I walked slowly backward, out of the room and into the empty hallway, and waited. I was trying not to ask for too much, to be kind, and to not judge or complain. Seconds later, the medical team quickly wheeled my mother away from me. I stood there quietly, with perfect posture, while waves of terror, rage, guilt, shame, and yearning crashed up and down my spine. The nurse came to tell me which emergency room my mom was going to, and I began to fish through my purse for my car keys.

“You sure know how to handle an emergency– it’s amazing how calm you are! They’re gonna do everything they can for her, honey.”

“Thank you, you’ve been so helpful.” I said, robotically, politely, nicely.

I walked toward the exit, praying to God to save my mom, horrified that it might be my fault if she didn’t make it.

God answered my prayers. I remained disturbed and uneasy about what I’d done. I reviewed my behavior that day. I was shocked at myself and how I wasted precious seconds that might have cost my mother her very life because I was too afraid to freak out and be impolite and impatient and mouthy and loud and not nice.

I wondered whether I had started growing a small grapefruit inside my brain, too.

Why was I so damned polite while my mother might be on the brink of death? Why was I afraid to “bother” the nurses? Why was I afraid to speak up?
Why did I blame myself so quickly?

Like so many people, women especially, I had learned to shut down my voice in service to being nice, polite, and accommodating. The erosion happened slowly over time, like water on a rock. So slowly I didn’t even notice.

It took my mother nearly dying right in front of my eyes to see just how meek I had become, and the potential damage that could result from it. I remembered how outspoken and sassy I had been as a child and a teen. I liked that girl. I started to get back in touch with her. I let her come and play a lot more.

As I examined my life, I saw how my problems actually increased as my sass decreased. I put up with things I shouldn’t have. I minimized my needs. I suffered silently like all us good girls do.

To make the pain more palatable, I ate too much. I drank too much. I did lots of stupid things too much and lots of important things too little. Worst of all, I turned on myself at times. Depression. Anxiety. Dumb choices. Loser men. Missed opportunities.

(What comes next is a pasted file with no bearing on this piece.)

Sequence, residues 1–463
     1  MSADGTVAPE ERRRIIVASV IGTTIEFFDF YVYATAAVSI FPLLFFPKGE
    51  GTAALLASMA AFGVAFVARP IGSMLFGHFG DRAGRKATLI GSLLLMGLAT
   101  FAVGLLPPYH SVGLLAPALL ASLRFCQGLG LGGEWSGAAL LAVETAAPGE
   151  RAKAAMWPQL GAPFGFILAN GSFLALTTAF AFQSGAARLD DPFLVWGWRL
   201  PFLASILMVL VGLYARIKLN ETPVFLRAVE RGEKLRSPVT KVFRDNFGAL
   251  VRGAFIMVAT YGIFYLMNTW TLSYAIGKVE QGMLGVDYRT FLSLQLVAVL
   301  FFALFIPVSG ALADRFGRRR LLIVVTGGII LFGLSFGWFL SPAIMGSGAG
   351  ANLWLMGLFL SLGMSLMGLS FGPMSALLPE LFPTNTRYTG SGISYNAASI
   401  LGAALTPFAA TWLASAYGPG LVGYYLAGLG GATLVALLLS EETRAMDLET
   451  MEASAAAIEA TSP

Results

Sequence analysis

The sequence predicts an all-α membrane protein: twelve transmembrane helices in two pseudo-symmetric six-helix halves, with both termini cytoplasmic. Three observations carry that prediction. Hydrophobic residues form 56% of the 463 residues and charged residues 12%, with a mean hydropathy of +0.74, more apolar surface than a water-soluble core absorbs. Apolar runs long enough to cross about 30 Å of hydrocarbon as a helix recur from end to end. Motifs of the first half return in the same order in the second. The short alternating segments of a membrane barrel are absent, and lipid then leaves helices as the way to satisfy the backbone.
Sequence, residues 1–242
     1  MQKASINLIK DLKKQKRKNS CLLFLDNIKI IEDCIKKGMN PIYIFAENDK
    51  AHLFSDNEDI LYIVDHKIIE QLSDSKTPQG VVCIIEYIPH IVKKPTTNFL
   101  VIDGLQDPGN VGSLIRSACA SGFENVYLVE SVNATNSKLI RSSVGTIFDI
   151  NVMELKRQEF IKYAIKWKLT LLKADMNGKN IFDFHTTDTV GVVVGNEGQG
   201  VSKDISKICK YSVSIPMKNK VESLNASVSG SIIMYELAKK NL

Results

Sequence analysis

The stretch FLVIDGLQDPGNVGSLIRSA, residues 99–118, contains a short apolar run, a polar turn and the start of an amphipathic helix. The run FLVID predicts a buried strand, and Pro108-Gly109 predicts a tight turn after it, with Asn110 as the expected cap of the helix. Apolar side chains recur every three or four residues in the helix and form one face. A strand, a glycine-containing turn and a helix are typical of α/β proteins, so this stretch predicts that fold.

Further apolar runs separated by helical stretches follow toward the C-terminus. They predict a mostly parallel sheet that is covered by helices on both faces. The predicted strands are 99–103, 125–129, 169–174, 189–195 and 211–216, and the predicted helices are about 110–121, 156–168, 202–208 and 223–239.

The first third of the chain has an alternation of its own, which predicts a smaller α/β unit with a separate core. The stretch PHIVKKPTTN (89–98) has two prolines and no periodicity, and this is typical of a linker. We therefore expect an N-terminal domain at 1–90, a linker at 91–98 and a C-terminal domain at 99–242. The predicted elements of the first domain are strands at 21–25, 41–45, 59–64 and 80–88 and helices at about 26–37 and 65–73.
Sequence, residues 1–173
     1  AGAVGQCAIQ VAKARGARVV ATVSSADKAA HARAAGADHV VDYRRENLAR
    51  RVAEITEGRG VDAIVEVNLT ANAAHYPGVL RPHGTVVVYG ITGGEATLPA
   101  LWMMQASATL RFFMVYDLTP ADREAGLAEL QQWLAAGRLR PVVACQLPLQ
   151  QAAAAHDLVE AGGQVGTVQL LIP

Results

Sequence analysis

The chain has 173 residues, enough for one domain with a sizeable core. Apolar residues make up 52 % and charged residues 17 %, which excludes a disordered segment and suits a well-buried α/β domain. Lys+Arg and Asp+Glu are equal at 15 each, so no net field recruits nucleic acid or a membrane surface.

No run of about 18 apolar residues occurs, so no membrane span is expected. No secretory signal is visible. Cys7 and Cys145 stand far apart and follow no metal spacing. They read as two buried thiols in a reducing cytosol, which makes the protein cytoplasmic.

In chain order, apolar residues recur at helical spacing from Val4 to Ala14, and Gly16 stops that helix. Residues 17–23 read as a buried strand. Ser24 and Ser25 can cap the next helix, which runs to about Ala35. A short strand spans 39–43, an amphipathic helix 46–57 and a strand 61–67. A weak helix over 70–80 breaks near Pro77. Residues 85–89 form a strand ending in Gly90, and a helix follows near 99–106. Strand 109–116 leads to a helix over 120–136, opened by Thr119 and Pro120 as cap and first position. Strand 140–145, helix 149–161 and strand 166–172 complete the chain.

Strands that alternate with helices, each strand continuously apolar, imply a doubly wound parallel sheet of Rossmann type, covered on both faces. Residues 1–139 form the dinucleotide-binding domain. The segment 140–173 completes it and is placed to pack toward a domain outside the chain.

Sound familiar? This is the price I paid for turning my own voice’s volume way down, some of the time to completely mute. What price have you had to pay? What price are you still paying? It can get pretty expensive. Frighteningly expensive.

I have spent the last thirteen years getting more and more comfortable with speaking up and speaking out, even when it might make me uncomfortable, even when it might make others uncomfortable. Words are powerful. Spoken words can change lives, not just our own but those around us who listen, and even those who aren’t willing to listen. It all starts with a sense that our voice matters.

When you really think about it, believing that what we have to say is important, and then actually saying it right out loud, is the key to freedom, within and without.

No wonder corrupt people, organizations, and politicians work so hard to get us to shut up. One word spoken aloud can start a revolution that can, and has, toppled even the most powerful of them all.

And here’s some great news. Since they took that grapefruit out of my mom’s head, she’s only gotten mouthier, more opinionated, and feistier every year. You never have to wonder where she stands on an issue. She’ll tell you, whether you like it or not. I love her.

Neither one of us is so damned quiet, polite, and nice anymore. 
It’s much better this way.

How do you shut down your voice? Do you shut down others? How has this cost you? Resolve to speak up and speak out, especially when you are afraid to do so. Let me know about it.

Most importantly, speak to yourself with kindness and compassion. Your words matter. Your voice is beautiful. Use it.